Thursday, December 28, 2017


What did you read in 2017?
What were your favorite reads?
Please tell!
We'll talk about favorite reads on WOSU's All Sides Weekend: Books

I've listed books read below. 
A few left over from 2016, the rest from 2017.
* indicates I especially liked this book
** indicates I loved this book
+ indicates I was able to interview the author,.

These were my favorites read in 2017:
(in order of when read)

Born a Crime by Trevor Noah
A harrowing  upbringing as a bi -racial child in South Africa

Lincoln in the Bardo Dan Saunders
Completely original, well at least since Edgar Allen Poe died. 

+No one Cares About Crazy People by Ron Powers

Non-fiction. Two adult sons with schizophrenia. One survives. The other doesn't. The parents find a way to live on.

+Stephen Florida by Gabe Habash
The unconventional life of a college wrestler

The Hate U Give by Angie Thomas
Because as a white guy who was raised in a pricey suburb I had no idea.

Defending Jacob by William Landy
The teen age son of a  D.A. is accused of murder. A devastating twist near the end. Just as you were getting comfortable...

+Toscanini: Musician of Conscience by  Harvey Sachs
Mr. Sachs's second, greatly expanded biography of conductor Arturo Toscanini (1865-1957). An artist with a messy private life, a searing musical talent who stood up to Mussolini and Hitler.

The Return of the Prodigal Son by Henri Nouwen
Unconditional love.

The Heart's Invisible Furies by John Boyne
A journey in Ireland with the Irish from 1945 to today. Infuriating and redemptive.

The Things They Carried by Tim O'Brien
Vietnam, being there and living with the repercussions. Required reading for anyone who lived through the 1960s but was too young-or clueless-to understand at the time.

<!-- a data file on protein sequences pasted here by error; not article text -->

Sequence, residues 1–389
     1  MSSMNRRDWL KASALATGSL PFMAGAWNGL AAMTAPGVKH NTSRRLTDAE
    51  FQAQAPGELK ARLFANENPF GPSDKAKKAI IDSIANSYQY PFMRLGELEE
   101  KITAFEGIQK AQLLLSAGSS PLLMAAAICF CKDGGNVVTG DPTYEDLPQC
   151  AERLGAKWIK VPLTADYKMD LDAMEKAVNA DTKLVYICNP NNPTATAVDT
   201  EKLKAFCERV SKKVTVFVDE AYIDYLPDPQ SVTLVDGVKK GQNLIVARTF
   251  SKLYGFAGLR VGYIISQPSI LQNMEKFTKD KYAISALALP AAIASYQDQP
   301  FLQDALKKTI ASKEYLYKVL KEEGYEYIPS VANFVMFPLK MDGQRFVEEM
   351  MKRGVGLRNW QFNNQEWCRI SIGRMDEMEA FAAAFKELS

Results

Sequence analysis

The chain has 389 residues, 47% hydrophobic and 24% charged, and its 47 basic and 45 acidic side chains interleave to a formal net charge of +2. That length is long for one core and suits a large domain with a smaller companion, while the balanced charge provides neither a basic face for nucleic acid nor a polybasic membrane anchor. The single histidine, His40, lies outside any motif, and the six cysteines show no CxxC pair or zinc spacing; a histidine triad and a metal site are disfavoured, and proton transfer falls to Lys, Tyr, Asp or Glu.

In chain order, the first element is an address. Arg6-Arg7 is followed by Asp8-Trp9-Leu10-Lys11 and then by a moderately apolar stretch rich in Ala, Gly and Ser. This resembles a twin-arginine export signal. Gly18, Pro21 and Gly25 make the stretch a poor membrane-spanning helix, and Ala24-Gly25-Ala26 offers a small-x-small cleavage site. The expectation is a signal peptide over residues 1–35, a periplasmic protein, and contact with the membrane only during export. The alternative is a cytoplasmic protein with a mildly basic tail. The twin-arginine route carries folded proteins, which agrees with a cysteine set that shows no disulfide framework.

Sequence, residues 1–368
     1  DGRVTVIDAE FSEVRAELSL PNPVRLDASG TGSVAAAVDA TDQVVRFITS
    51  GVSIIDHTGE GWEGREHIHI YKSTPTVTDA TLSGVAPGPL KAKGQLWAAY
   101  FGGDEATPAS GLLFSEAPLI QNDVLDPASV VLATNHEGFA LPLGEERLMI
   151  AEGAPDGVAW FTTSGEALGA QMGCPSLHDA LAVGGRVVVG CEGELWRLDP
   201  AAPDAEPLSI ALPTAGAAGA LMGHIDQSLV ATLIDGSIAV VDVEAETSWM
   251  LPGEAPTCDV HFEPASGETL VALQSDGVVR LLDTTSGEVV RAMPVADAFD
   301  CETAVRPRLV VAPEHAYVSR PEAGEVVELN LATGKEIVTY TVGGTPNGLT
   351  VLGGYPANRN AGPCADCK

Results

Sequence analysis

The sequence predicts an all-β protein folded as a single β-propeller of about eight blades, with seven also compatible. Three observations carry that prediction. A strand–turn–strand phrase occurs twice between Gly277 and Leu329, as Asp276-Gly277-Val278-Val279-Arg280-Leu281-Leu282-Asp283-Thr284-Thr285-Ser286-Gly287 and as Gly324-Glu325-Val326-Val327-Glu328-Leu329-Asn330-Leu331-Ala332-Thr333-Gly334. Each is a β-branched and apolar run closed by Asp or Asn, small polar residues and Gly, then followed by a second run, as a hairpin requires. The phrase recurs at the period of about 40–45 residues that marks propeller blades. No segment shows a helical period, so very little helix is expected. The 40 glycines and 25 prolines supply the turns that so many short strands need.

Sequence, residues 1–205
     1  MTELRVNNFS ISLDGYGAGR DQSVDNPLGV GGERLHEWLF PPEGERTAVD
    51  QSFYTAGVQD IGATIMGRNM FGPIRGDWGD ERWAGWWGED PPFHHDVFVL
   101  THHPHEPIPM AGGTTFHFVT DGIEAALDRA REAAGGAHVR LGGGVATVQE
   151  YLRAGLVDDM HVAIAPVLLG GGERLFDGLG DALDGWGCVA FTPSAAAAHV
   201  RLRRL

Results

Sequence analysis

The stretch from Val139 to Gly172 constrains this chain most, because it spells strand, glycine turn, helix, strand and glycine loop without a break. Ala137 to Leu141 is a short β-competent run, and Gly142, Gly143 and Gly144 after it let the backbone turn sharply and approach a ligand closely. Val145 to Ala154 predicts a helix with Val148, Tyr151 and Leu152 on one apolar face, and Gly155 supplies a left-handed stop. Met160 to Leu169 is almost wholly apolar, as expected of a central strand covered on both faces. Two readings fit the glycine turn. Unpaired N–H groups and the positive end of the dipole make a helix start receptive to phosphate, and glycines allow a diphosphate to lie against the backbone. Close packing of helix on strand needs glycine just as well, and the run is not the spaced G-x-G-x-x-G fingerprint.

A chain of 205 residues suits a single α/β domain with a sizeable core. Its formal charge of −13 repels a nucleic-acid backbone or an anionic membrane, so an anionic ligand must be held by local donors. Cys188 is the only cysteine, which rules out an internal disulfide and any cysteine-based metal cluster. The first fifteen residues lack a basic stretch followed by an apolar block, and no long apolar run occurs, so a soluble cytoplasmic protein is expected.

Middlemarch George Eliot
The Pickwick Papers Charles Dickens
The Idiot Fyodor Dostoevsky
I’ll Take You There Wally lamb
Moonglow Michael Chabon
Last Girl on the Freeway: Joan Rivers Leslie Bennett
Patient HM Luke Dittrich
The Heavenly Table Donald Ray Pollock
In the Darkroom Susan Faludi
Victoria by Daisy Goodwin
Evicted by Matthew Desmond
His Final Battle: FDR’s Last Year  Joseph Llelveyd
How to Survive a Plague David France
Eleanor and Hick by Susan Quinn
Conclave Robert Harris
When Paris Sizzled Mary McAuliffe
Eileen Otessa Mostfegh
The Reactive Masande Ntsghenga
Valiant Gentlemen Sabina Murray (Roger Casement)


Do Not Say We Have Nothing  Madeleine Thien
Absolutely on Music conversations with Ozawa
*North Water Ian McAuliffe
The Sleepwalker Chris Bohjalian
*Commonwealth Ann Patchett
Victoria The Queen Julia Baird
Rasputin Douglas Smith
*Born a Crime Trevor Noah
Two by Two Nicholas Sparks
*Class Lucina Rosenfeld
Sandcastle Girls  Chris Bohjalian
Sweetbitter Stephanie Danler
Private Lives of the Tudors  Tracy Broman
The Paris Architect Charles Belfoure
God’s Kingdom Howard John Mosher  Kinneison family Vermont

*The Dry Jane Harper murder mystery Australia
Emma Alexander McCall Smith
Revolution in Color: John Singleton Copley Jane Kamensky
Robert Lowell: Setting the River of Fire Kay Redfield Jamison
The Bone Orchard Paul Doiron
*+The World Will be Saved by Beauty: An intimate portrait of my Grandmother, Dorothy Day  Kate Hennessy
Idaho Emily Ruskovich
Days Without End Sebastian Barry
The Long Loneliness Dorothy Day
Host Robin Cook
The Devil in Webster Jean Hanff Gorelitz
Home Harlan Coben
You Can’t Go Home Again Tom Wolfe
On the Edge of Gone Corinne Duyviss
*The Inheritance Nikki Kapsembellis Alzheimer’s DeMoe family
*Ill Will Dan Chaon
*Lincoln in the Bardo Dan Saunders
Elizabeth Bishop Miracle for Breakfast Megan Mullaly
Life with Judy Garland Sid Luft
Easy Essays Peter Maurin
Dorothy Day: A Radical Devotion Robert Coles
One of the Boys Daniel Margariel
The Book of American Martyrs Joyce Carol Oates
Stranger in the Woods: The Story of the Last True Hermit Michael Finkel
Loaves and Fishes Dorothy Day
*Tenth of December (stories) George Saunders
* No one cares about crazy people Ron Powers
Mockingbird Songs Wayne Flynt
Dr. Knox Peter Spiegelman
The Whistler John Grisham
Since We Fell Dennis Lehane
*House of Names Colm Toibin
*Anything is Possible Elizabeth Strout
Inga (Arvad) Scott Faris
Crime and Punishment Fyodor Dostoevsky
The Fact of a Body Alexandria Marzano Leznevich
Shattered: Inside Hillary Clinton’s Doomed Campaign Jonathan Allen and Amie Parness
Jesus Sons (stories) Denis Johnson
Angels Denis Johnson